Bottom line, I miss my monkeys and can't wait for them to come home and fill my house up with mess, noise and love again.

Thursday, January 08, 2015

Happiness, not in another place but this place...not for another hour, but this hour.

Happy New Year.

I am determined to make it so.

2014 was such a horrible year.  Truly the worst year of my life.  The death of a marriage, the death of a niece, the death of that special, rarified familial happiness we enjoyed.  Mental fog and depression, physical lethargy.  I gained 10 pounds, I was sad, I cried all the time, I felt like shit.

And then it all ended with a period of time that I dread and despise every year -- the winter holidays and break from school.  School lets out, but I still have to work, so I send the kids to Denver Public Schools' day camp that they run on dismissal days, but they don't run it on ALL the dismissal days, just some of them, so some days I have coverage and some days I don't, so I end up working 2 or 3 days per week for 2 1/2 weeks and everything is disjointed and I don't get anything done and it drives me bonkers.

Christmas isn't even my holiday, and J had the kids on New Year's Eve, so I spent both of those days and nights alone, reading and watching movies.  Which is OK, but felt kind of lonely because I had nowhere to go and no one else to spend time with.

I needed the year to be over.  Once 2014 was over and 2015 started, then in my mind, I could take definitive steps to put it all behind me.  I could start exercising and eating well again. I could come out of my depressive funk.  I could raise my inner Scarlett O'Hara: I won't think about the bad stuff.  I'll put it behind me.  Tomorrow is another day.  Scarlett may have been an asshole, but she knew how to deal with her shit and get on with her life.  I always respected her for that.

It seems so arbitrary and stupid when I think about it, this obsession with the actual date. It's a date on a calendar.  Why couldn't I just start a health program in December?  Why couldn't I mentally and emotionally try to feel better earlier?  Why does flipping the calendar page from December to January make a difference?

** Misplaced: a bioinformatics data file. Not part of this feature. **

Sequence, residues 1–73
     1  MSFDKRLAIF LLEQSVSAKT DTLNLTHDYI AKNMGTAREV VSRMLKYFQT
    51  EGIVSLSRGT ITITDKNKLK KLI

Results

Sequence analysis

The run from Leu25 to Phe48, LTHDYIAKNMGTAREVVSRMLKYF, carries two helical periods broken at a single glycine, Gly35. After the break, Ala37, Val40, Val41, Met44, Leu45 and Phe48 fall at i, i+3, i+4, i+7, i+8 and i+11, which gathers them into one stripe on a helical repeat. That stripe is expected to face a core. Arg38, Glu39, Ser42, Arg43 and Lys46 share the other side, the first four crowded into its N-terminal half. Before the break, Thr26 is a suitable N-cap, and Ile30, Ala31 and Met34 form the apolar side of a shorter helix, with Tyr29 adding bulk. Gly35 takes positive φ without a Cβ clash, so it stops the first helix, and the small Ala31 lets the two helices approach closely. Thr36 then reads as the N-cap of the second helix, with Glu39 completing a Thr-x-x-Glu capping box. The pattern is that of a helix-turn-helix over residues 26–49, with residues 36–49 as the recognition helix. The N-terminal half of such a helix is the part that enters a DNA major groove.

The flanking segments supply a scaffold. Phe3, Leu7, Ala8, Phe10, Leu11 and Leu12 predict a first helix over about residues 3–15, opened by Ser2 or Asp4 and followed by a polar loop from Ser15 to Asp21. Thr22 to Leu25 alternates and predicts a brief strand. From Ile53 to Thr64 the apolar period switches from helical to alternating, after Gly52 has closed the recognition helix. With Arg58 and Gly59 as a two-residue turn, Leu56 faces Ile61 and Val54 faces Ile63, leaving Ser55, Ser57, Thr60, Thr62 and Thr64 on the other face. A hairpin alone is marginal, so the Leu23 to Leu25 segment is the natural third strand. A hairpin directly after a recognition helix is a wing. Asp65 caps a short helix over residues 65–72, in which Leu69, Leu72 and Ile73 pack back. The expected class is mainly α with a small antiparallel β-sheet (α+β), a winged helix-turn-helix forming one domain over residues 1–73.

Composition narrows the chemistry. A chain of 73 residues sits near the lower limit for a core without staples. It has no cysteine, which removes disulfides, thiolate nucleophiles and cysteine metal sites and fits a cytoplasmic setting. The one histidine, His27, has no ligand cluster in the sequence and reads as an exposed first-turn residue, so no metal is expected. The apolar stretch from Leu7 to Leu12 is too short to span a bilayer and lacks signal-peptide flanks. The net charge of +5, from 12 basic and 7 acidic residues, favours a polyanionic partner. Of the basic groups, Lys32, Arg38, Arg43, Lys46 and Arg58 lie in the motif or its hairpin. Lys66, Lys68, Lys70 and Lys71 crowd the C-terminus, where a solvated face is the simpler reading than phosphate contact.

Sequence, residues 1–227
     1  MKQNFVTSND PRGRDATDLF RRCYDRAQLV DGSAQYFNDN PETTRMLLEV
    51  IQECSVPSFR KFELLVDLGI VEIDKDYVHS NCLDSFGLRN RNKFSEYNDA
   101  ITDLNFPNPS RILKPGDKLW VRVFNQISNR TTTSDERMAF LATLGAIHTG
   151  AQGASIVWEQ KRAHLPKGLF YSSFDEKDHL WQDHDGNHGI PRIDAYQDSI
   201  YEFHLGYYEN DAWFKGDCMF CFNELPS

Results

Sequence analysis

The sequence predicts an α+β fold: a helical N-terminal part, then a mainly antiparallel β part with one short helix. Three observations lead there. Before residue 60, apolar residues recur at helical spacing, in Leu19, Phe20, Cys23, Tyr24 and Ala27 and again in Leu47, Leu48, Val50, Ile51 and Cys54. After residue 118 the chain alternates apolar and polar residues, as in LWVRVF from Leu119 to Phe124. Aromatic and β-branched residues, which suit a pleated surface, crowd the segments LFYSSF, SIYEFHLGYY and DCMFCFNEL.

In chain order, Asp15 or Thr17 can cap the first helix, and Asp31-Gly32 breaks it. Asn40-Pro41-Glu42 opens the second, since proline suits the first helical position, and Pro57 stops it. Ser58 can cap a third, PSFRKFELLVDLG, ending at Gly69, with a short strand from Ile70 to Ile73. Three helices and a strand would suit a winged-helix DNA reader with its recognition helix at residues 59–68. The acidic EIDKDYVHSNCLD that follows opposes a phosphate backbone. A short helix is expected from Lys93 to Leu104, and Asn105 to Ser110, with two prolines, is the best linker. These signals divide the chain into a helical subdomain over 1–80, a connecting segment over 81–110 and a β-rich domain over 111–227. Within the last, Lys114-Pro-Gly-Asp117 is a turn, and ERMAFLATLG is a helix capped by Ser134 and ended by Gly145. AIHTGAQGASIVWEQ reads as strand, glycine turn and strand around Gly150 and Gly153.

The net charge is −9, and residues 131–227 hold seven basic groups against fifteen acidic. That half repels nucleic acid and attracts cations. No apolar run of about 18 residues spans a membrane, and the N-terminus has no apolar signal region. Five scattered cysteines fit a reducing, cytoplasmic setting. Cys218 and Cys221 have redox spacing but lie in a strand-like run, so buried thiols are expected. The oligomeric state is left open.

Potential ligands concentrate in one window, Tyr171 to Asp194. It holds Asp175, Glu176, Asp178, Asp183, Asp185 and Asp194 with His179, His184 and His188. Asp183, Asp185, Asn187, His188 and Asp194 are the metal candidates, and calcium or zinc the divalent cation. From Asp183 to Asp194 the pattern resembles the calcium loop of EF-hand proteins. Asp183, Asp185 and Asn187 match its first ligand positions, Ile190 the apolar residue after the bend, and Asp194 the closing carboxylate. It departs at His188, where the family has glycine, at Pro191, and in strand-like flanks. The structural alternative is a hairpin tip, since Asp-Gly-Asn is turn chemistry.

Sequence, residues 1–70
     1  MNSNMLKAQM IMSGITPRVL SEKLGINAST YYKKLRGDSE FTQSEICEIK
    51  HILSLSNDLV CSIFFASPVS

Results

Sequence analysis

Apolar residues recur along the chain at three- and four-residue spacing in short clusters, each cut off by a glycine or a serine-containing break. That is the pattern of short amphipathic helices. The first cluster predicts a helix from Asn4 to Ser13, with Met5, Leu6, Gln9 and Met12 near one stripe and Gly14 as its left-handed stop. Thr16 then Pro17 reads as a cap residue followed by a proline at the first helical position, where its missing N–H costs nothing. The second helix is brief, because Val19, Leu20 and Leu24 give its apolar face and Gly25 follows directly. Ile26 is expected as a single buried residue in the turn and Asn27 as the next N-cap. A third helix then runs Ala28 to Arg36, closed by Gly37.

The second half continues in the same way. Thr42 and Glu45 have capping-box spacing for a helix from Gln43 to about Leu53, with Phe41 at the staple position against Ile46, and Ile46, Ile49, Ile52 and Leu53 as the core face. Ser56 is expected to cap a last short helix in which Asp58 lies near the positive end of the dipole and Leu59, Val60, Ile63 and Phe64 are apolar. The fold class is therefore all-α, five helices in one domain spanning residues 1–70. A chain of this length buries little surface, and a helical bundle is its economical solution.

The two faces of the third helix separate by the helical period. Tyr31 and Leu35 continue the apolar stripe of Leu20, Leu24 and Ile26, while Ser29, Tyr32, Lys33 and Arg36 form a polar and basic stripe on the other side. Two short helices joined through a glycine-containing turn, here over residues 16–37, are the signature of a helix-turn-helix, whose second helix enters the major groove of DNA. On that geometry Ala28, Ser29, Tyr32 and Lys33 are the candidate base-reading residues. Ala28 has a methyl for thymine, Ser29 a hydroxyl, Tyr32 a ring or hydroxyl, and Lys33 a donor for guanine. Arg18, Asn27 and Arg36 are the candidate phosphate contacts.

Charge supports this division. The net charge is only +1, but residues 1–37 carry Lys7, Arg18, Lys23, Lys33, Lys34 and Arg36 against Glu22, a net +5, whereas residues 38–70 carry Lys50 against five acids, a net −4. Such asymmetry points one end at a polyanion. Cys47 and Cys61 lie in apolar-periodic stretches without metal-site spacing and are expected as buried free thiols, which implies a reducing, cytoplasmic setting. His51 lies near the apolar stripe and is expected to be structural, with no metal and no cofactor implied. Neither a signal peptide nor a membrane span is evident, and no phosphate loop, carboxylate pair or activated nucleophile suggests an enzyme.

It just does, at least for me.  2014 felt like a monster's claws to me, holding me in a cold, awful grip. And with the turning of the clock and the calendar, there is a releasing of that grip in my mind.  It's a way of compartmentalizing and saying, OK, I got my time to wallow and be sad and unproductive, but life goes on and it's time to get busy living.

So I am.  I'm back on the fitness and health train, and am already feeling so much better.  J and I are filing divorce papers this week.  I am making an effort every day to think about something that I am grateful for in my life.  I'm still walking to work and taking pictures.

I still miss Emma, and I am still heartbroken by her death.  That will never change.  I can, however, choose to remember her in a way that doesn't utterly devastate me.

The other day when I was walking to work, I saw this older couple walking in front of me.  They looked to be in their late 70s, at least.  The lady had the kind of hair-do that one only achieves by going to the hairdresser to have it "set."  They were walking hand in hand, and it made me smile.

I don't have any particular desire to be in a romantic relationship again, or to remarry.  But it would be nice to have someone to hold hands with on a walk, or to kiss at midnight on New Year's Eve.

Here's hoping for a joyous 2015.